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Dr. Thomas McCulloch

In November 1803, a ship arrived at Pictou from Scotland. Among its passengers were Reverend Thomas McCulloch D.D., his wife and their children, all bound for Prince Edward Island, where McCulloch was to minister a Presbyterian congregation. Their arrival stirred some excitement; the supply of books in McCulloch's possession impressed the Pictonians with the fact that he was a learned man. They convinced him that he and his family should winter in Pictou, since it was already late in the season and a voyage to Prince Edward Island would be difficult. Their aim was to secure him permanently as a minister for a Pictou congregation.

A man of Thomas McCulloch's sort was much needed in Pictou in 1803. He was born in Renfrewshire, Scotland, in 1776, educated at Glasgow University where he took a course in medicine, as well as in arts, studied theology at Whitburn, was ordained a minister in Ayrshire, and offered his services as a missionary to the colonies. In an age of illiteracy and superstition, here was a man of learning in a settlement tied strongly to Presbyterianism, here was a qualified minister, a man of vision, and yet a tolerant man who understood the physical trials and demands of the pioneers. At a time when immigrants were flowing in, many of them sick and diseased, here was a man with medical training. In those early years he walked many miles making medical calls with no expectation of payment.

On June 6th, 1804 he was inducted as minister of the "Harbour" congregation of Prince Street Church, thus committing himself to remaining in Pictou for awhile.

By 1805, McCulloch, depressed by the general lack of education and religion among his people, had developed a dream of a college which would be open to students of all creeds. This desire for a non-secretarian Pictou College thrust him deeply into a religious and political controversy which was to strain the relations between Pictou and the Provincial Government for years to come.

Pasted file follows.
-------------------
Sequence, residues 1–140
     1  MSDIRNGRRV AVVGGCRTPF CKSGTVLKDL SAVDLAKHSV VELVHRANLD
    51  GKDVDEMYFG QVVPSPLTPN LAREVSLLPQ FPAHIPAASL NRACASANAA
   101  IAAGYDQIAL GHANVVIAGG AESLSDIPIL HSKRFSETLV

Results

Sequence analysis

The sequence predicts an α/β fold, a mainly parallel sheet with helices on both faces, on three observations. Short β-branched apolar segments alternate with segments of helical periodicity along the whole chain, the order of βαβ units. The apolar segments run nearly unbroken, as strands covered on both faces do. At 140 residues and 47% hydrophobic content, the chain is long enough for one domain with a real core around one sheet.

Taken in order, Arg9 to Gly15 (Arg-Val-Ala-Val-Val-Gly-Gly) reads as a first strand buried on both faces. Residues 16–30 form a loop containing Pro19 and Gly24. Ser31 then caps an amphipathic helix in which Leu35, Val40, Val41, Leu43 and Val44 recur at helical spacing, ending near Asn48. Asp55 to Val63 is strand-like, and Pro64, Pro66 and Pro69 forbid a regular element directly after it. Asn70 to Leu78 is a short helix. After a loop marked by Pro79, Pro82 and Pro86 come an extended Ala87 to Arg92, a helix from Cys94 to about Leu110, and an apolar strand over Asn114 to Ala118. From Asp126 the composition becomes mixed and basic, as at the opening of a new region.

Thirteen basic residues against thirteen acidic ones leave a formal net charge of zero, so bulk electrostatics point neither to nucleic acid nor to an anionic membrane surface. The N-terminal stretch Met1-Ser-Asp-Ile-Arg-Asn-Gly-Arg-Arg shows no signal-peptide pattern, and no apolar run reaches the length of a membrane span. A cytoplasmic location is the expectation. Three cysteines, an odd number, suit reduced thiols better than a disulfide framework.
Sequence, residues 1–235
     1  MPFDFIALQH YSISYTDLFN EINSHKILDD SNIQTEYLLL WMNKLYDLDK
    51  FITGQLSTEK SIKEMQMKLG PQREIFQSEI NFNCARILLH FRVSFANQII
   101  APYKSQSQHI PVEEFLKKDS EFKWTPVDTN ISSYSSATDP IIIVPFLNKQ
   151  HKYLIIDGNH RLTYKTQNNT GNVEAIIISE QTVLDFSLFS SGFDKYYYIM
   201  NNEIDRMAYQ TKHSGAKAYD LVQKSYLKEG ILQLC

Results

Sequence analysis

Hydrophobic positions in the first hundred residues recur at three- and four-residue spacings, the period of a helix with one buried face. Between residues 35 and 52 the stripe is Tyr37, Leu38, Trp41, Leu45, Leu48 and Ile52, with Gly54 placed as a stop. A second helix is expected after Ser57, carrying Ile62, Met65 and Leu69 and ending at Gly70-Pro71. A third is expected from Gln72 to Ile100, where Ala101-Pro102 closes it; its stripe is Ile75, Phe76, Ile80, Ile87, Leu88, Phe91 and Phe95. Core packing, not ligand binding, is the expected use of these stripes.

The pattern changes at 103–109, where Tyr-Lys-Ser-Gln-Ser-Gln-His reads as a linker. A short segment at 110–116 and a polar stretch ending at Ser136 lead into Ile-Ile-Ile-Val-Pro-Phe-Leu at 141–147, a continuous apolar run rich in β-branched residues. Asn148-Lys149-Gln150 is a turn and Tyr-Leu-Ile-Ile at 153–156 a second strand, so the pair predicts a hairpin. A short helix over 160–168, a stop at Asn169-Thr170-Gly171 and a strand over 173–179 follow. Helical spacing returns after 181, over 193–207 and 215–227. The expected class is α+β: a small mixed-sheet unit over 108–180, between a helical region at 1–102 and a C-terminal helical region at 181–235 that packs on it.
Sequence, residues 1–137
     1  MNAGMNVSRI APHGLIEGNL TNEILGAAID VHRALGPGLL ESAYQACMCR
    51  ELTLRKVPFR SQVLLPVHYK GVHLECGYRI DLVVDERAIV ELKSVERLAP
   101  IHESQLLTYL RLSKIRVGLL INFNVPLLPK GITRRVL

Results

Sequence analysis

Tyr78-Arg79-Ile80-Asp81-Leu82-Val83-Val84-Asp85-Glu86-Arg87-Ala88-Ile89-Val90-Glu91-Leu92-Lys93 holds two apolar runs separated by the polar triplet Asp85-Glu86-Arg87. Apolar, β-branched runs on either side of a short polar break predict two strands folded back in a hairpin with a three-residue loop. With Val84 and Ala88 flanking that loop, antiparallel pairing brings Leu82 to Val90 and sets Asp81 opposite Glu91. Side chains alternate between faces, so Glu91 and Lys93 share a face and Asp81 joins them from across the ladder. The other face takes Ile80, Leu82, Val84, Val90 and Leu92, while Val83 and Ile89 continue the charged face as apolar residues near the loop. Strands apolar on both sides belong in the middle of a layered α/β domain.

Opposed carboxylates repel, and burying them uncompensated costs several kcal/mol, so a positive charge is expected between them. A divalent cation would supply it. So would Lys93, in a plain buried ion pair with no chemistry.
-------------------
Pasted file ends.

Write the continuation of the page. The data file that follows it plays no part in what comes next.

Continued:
While this bitter dispute dragged on, McCulloch began to teach students in a log house which stood near his property. This school was burned down one night by a person or persons obviously unsympathetic to McCulloch's liberal ideas.

Finally, in 1816, his dream became a reality. Pictou Academy was incorporated. McCulloch was named principal of the Academy, and the first students met in 1817, a regular academic curriculum being combined with training for selected divinity students.

Thomas McCulloch is remembered primarily as the father of a liberalized education system in Nova Scotia. But the man had much broader interests than his pedagogical ones alone. His scientific collections were admired by the foremost naturalists on the continent. The famous J.J. Audubon visited McCulloch at "Sherbrooke Cottage" in 1833 to study his work, and pronounced his collection the finest collection of its kind in North America.

McCulloch's contributions to the educational and spiritual development of the area inspired admiration and respect; his "Letters of Mephibosheth Stepsure" written about early life in the Pictou area created affection for McCulloch as a man and revealed his wit, warmth and tolerance.

In 1838 he became the first president of Dalhousie College, a position which he held until his death in 1843.

McCulloch house was built c. 1806 for Thomas McCulloch. Constructed of bricks from Scotland, it is commonly referred to as being of "Scottish domestic" design.

McCulloch called his home "Sherbrooke Cottage" as a tribute to Sir John Sherbrooke, Lieutenant-Governor of Nova Scotia who had been sympathetic to the development of Pictou Academy.

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